Go to Market Strategy for South East Asia Region
SEA is not one homogeneous market, but a fragmented region of independent markets at different stages of development. OceanFrogs has produced this set of best practices and has compiled it into a knowledge base of sorts by talking to experts. Use the tips mentioned in this article to better target accounts in South East Asia.
Pragmatically Estimate your CAC (Customer Acquisition Cost)
Be prepared to incur high CAC for the Singapore and Hong Kong markets. These markets are saturated with a lot of players and it can be difficult to find a lead.
Leverage Channel Partnerships and Direct Marketing Channels
- Campaigns for Singapore and Hong Kong can be in English.
- Make use of greetings and epithets in native language to endear yourself to your prospects.
- Wish your prospects on their native festivals to build relationships.
- Build a LinkedIn profile of your regional team with a native flavor.
Country Specific Tips
- Singapore is home to the local Head Quarters (HQ) of many MNC’s. Any business decision made would be in consultation with the global HQs. Factor in the additional time it might take to reach a decision.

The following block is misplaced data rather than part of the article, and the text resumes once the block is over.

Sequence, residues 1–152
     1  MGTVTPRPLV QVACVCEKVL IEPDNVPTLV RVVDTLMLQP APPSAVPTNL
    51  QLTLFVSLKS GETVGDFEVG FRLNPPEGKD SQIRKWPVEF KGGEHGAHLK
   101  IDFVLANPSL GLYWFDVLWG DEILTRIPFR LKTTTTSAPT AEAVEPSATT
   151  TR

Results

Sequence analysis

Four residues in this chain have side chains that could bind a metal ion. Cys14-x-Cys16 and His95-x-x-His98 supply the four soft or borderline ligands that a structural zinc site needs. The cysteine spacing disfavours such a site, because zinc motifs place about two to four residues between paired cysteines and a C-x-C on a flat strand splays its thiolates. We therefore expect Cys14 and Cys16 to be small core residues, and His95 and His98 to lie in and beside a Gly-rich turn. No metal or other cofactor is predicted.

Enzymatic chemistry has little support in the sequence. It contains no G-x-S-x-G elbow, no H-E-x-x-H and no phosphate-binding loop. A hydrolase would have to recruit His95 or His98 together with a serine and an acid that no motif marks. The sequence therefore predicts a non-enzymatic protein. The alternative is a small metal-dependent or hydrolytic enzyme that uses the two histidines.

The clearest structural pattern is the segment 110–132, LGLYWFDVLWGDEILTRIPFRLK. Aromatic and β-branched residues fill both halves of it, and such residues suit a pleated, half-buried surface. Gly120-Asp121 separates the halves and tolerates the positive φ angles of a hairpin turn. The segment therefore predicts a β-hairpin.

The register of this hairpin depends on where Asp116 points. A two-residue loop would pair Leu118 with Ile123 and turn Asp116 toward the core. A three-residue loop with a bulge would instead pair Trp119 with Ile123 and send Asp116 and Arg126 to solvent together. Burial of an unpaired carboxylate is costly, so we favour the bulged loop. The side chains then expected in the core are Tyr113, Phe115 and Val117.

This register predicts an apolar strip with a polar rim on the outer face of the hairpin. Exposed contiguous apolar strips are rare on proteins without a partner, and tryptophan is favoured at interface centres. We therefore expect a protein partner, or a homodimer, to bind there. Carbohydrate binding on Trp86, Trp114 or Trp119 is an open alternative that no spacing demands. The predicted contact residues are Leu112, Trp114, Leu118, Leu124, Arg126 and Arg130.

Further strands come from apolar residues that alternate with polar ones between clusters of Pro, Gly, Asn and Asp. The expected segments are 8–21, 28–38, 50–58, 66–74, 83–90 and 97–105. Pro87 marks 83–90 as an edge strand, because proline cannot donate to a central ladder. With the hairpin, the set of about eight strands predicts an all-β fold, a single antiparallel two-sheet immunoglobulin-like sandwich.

- Philippines is a GIC/BPO focused country and a sizable number of family-owned conglomerates exist there. Approach prospects or plan expansions accordingly.
- Indonesia has a well-funded start-up cluster and processing industries. It can be the right starting point for your expansion plans.
- Malaysia is home to energy-related clusters, consulting/tech (big four and more), and semi-government companies. Be aware of the local regulations.
Be in it as a Long Term Player
- Convey that you are in the market for the long term. Make your intent to be in the market well known. Convey that the local team is there.
Make sure your LinkedIn page and website says that you are present in the country.
Choose your country carefully!
Some of the considerations while selecting a country can be:
- Your serviceable available market (horizontal/vertical, number of accounts, ACV et al.). In SEA, due to various advantages/constraints, your Serviceable Available Market (SAM) can be vastly different from the Total Addressable Market (TAM)
- Initial set-up cost (SG/HK will be expensive to set-up than MY/TH)